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Reviews » Theatrical Reviews » Manchester By the Sea
Manchester By the Sea
Roadside Attractions // R // November 18, 2016
Review by Jeff Nelson | posted November 16, 2016 | E-mail the Author
C O N T E N T
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Highly Recommended
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As the saying goes, it's the quiet ones that you have to look out for. Writer/director Kenneth Lonergan's Manchester By the Sea left audiences breathless at the Sundance Film Festival, which only continued to impress each step it took along the festival circuit. However, this isn't your typical over-the-top drama that seeks to infuse as many tear jerking moments as possible. Rather, it feels more like a portrait of life in its rawest form, and when it rains, it pours. This film is quiet in its delivery, but certainly impactful in its execution of deep themes, such as family, loss, and coping with life.

Lee Chandler (Casey Affleck) lives a seemingly lonely life as a janitor. When he receives an important call that his brother (Kyle Chandler) has passed away, he returns back to his hometown to pick up the pieces. Lee soon realizes that he's forced to take care of his teenage nephew named Patrick (Lucas Hedges). Now, he must face the demons of the past in order to solve the problems of the present.

Most films glaze over the topic of death in order to utilize it as a plot device to move the lead character's story forward. However, Manchester By the Sea spends quite some time dwelling in preparations after a death in the family. While Lee continues to come to terms with the loss of his brother, he must set up the funeral and handle all other responsibilities. However, none of it comes across as dull; it's actually quite the contrary. These scenes feel incredibly intimate, as Lee and Patrick navigate this difficult time. Their relationship primarily roots back to the teenager's childhood, as Lee's departure has greatly changed the way that they interact with one another. The evolution of their connection is placed at the forefront of the film, although it doesn't quite end where one would imagine it would.

When Lee returns to his hometown, each person he comes across is shocked to see him back. Some seem sympathetic, while others are a bit more aggressive. It's rather clear that something significant occurred, although Lonergan doesn't immediately inform the audience of the details. He eventually incorporates flashbacks, which are ordinarily a cheap way to provide exposition. However, he utilizes them in a way that are smart and natural to the storytelling. Instead of pulling away from the feature, these scenes actually improve upon the emotional impact. This is greatly credited to the impressive editing that allows the film to flow so well. Even the smallest of character details that would seem useless from a glance are what ultimately allow the audience to feel as if we have known these people for years. This is how Manchester By the Sea develops such a well-developed connection between the characters and the viewer.

Lonergan has crafted a story that initially sounds familiar, but it moves in unexpected ways. "Bad" and "good" aren't what they seem, as this displays humanity as naturally flawed. Everybody is simply trying their best to get by, although each character handles grief differently. The typical festival drama generally leaves our characters in the same way, although Manchester By the Sea's final impression is quite different. Most things in life aren't wrapped up as nicely as they are in cinema, and Lonergan reflects that extremely well. Despite its 135 minute running time, the pacing is smooth as could be. Even when the credits begin to roll, it feels as if we could have spent even more time with these characters; they're that compelling.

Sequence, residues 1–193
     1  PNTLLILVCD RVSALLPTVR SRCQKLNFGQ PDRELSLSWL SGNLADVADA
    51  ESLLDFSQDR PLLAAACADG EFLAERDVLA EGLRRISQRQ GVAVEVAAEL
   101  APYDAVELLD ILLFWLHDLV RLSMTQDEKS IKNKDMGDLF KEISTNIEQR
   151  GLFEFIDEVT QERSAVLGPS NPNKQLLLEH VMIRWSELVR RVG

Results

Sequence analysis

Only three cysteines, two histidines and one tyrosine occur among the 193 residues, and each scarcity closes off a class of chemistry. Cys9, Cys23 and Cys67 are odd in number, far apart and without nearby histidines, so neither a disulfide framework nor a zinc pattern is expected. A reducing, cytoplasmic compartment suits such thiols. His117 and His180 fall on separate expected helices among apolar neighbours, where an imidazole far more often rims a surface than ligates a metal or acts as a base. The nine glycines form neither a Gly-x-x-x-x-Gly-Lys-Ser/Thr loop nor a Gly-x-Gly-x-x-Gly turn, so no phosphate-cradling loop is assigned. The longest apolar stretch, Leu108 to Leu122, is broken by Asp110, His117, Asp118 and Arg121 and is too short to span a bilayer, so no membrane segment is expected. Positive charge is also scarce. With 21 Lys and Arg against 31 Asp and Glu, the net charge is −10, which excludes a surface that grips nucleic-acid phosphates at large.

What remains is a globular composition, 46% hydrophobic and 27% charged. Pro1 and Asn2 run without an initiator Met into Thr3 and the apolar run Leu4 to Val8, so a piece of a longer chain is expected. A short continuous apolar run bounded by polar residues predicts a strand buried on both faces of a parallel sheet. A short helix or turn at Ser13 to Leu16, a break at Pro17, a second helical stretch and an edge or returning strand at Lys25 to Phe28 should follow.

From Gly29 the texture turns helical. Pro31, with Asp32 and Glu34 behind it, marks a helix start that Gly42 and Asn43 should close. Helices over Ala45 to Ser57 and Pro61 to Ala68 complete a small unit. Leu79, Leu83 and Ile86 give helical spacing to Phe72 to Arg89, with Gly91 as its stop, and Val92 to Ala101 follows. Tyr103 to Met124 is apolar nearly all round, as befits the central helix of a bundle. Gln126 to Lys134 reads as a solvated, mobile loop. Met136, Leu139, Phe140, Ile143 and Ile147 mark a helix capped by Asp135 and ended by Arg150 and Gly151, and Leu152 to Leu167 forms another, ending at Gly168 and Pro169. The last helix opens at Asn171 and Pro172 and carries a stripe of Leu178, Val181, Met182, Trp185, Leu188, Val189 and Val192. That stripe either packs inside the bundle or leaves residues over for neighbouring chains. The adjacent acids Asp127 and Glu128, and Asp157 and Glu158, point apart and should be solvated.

While the filmmaker has already proven his talent, it may take the film's stellar cast to bring some audiences to their local theater. Casey Affleck is absolutely phenomenal as Lee Chandler. This is an Oscar caliber performance that will certainly bring him back into the spotlight. While the film didn't quite manage to bring me to tears, Affleck certainly delivers a massive quantity of emotion that radiates off the screen. Lucas Hedges proves that he's a young actor to watch, as he provides the role of Patrick with an abundance of complexity. Michelle Williams is a powerhouse as Randi. While her screen time is much more limited, she once again displays a level of range that we rarely see in modern filmmaking. This is an impressive round of performances that allow the feature to reach the emotional heights that it does.

It's extremely rare to find a film that feels this genuine. Writer/director Kenneth Lonergan has crafted a feature that exceeds expectations that were already high. The characters are portrayed with some serious troubles, although they all exist within the same gray space. None of them are "good" or "bad," as they are all just trying to push through life. However, the world is much more messy and complicated than Hollywood would like to admit. There's no simple mission that needs to be solved here, as the lead is constantly faced with life responsibilities and obstacles that are much more hard-hitting and gut-wrenching. Casey Affleck delivers the performance of his career, which is deserving of an Oscar nomination at the very least. Manchester By the Sea is a deeply impactful drama that executes every note to near perfection. Highly recommended!

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